Who Pays the Mortgage on Inherited Real Estate?

When property gets passed down to an heir, and a mortgage comes with it, does the heir pick up this debt along with their inheritance, or does an executor or trustee have some responsibility for the mortgage? Essentially both can be true. The mortgage bill goes to whoever has the real estate. In brief, the mortgage can be handed down to the inheritor along with the property, but before the property is actually transferred to that heir, the executor may have to make arrangements for staying on top of the mortgage. Keep reading to get a more in-depth understanding of how this would actually play out, and what your choices are as an executor or inheritor.

Trustees & Executors

If you are the executor or trustee, and if real estate is still being held in a trust or estate, waiting to be transferred to the inheritor, then you need to pay the mortgage. You can draw on the funds that are held in the trust or estate. Otherwise, you run the risk of late fees, defaulting, or even foreclosure. Your responsibility is particularly clear cut if the decedent's trust or will actually tell you to pay for the mortgage with trust or estate funds. Such directions are rarely in these documents though. Any directions about paying debt are not usually not considered as referring to a mortgage or car loan.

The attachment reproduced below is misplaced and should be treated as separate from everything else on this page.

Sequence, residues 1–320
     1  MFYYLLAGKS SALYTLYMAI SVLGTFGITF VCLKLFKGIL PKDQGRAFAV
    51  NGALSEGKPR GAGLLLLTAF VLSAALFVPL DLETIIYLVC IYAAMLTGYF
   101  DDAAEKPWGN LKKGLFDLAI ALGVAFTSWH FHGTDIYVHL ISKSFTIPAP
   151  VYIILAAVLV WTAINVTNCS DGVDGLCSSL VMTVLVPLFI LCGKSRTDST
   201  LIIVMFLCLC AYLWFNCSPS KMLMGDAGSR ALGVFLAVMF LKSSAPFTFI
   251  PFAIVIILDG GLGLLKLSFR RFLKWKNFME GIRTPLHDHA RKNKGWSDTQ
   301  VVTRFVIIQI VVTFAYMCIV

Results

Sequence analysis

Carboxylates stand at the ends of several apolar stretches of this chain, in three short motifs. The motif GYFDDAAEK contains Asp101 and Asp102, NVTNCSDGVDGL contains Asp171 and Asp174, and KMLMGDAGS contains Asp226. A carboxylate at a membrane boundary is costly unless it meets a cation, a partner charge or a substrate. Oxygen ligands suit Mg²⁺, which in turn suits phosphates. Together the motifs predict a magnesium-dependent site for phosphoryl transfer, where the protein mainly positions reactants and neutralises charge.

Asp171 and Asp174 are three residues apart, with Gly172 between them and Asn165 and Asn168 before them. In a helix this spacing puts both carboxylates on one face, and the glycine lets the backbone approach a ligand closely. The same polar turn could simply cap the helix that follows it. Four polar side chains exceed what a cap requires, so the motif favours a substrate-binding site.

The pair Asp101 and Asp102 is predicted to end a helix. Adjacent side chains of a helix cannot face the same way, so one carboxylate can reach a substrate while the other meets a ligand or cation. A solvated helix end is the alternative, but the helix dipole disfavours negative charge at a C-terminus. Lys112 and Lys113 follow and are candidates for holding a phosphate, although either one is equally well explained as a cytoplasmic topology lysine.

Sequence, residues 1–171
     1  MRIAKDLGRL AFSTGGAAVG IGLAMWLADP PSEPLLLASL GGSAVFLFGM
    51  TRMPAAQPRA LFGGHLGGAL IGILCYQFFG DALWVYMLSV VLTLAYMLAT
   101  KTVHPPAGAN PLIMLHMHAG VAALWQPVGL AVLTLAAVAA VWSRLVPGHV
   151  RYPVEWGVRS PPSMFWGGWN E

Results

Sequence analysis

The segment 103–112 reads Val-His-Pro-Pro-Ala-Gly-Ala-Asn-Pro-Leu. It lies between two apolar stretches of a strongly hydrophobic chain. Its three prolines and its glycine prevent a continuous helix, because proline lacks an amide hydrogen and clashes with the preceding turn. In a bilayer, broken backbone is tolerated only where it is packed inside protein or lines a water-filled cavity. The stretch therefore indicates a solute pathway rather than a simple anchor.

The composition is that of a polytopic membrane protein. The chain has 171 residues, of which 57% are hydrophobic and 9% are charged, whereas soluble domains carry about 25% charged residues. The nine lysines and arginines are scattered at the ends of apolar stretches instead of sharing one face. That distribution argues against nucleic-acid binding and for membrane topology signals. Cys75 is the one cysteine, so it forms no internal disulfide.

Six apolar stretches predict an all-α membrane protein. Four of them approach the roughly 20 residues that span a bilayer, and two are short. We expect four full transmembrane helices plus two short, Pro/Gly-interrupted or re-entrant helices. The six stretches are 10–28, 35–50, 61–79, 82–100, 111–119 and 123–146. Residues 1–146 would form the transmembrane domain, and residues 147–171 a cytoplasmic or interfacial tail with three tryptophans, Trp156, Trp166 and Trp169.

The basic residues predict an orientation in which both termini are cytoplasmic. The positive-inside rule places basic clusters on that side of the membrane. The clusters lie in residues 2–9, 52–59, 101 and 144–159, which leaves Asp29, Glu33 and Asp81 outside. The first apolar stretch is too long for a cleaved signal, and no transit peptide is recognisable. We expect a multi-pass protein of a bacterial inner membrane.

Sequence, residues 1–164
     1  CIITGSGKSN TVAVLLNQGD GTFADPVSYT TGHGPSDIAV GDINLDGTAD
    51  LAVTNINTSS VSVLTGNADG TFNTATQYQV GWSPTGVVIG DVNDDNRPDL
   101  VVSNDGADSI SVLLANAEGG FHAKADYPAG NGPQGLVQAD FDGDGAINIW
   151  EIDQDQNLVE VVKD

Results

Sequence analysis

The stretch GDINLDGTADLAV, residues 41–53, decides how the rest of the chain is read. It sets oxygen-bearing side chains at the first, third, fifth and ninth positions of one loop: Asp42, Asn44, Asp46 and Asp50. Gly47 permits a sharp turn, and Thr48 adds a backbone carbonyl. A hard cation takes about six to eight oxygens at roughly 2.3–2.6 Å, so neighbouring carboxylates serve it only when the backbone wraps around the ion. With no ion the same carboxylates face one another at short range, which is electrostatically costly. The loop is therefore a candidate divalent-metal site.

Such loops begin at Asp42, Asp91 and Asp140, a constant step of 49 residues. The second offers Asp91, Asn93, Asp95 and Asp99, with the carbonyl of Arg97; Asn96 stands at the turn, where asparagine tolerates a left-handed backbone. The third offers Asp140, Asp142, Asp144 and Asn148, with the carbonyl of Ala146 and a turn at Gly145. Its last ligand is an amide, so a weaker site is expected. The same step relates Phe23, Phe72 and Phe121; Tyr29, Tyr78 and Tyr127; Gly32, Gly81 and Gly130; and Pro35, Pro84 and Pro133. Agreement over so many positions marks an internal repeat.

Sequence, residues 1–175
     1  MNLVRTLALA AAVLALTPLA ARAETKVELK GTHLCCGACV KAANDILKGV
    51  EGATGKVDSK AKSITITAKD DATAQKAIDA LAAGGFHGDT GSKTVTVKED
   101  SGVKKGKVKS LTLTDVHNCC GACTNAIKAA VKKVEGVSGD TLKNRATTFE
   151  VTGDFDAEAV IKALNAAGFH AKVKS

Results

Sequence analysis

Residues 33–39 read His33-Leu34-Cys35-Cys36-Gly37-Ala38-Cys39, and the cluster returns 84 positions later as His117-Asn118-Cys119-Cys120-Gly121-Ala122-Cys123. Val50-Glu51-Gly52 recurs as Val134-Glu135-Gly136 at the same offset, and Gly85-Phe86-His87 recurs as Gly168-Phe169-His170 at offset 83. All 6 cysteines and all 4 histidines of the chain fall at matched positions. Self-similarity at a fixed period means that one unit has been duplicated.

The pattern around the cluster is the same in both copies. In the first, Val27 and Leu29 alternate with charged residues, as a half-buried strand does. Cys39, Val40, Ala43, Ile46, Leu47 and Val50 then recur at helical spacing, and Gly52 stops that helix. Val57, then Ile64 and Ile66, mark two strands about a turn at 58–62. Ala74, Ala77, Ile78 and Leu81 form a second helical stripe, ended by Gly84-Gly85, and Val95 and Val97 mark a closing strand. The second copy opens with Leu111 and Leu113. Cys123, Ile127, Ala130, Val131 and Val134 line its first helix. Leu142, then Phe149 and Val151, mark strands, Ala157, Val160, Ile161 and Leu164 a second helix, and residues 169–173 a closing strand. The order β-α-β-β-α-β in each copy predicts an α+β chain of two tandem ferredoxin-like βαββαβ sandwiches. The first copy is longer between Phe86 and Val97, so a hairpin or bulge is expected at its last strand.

If you are inheriting real estate with a mortgage, the mortgage will probably be coming with it. If the real estate consists of no more than four dwelling units, then under federal law, you can start paying the mortgage without having to modify any of its terms (thanks to the Garn-St. Germain Depository Institutions Act of 1982). This means that the "due-on-sale" term in the mortgage cannot apply when property is transferred:

  • On the death of a tenant or joint tenant, or
  • To a family member because a borrower passed away

This means that if you don't want to, you don't have to apply for a new mortgage, which could save you time and money. But what if the mortgage payments (or the property taxes, costs of upkeep, etc.) are too high? You may have to look into refinancing, or renting the place out. Of course, selling the property might be a good option. If you do go ahead and sell the inherited real estate within a year of prior owner's passing away, then you can probable evade the capital gains tax.

Legal Help You Need for Complex Estate and Trust Decisions

Further regulations might govern the transfer of real estate and its accompanying mortgage, depending on your state. If you need legal advice or representation to handle matters of estate planning or probate, be sure to contact an experienced probate attorney from our directory today!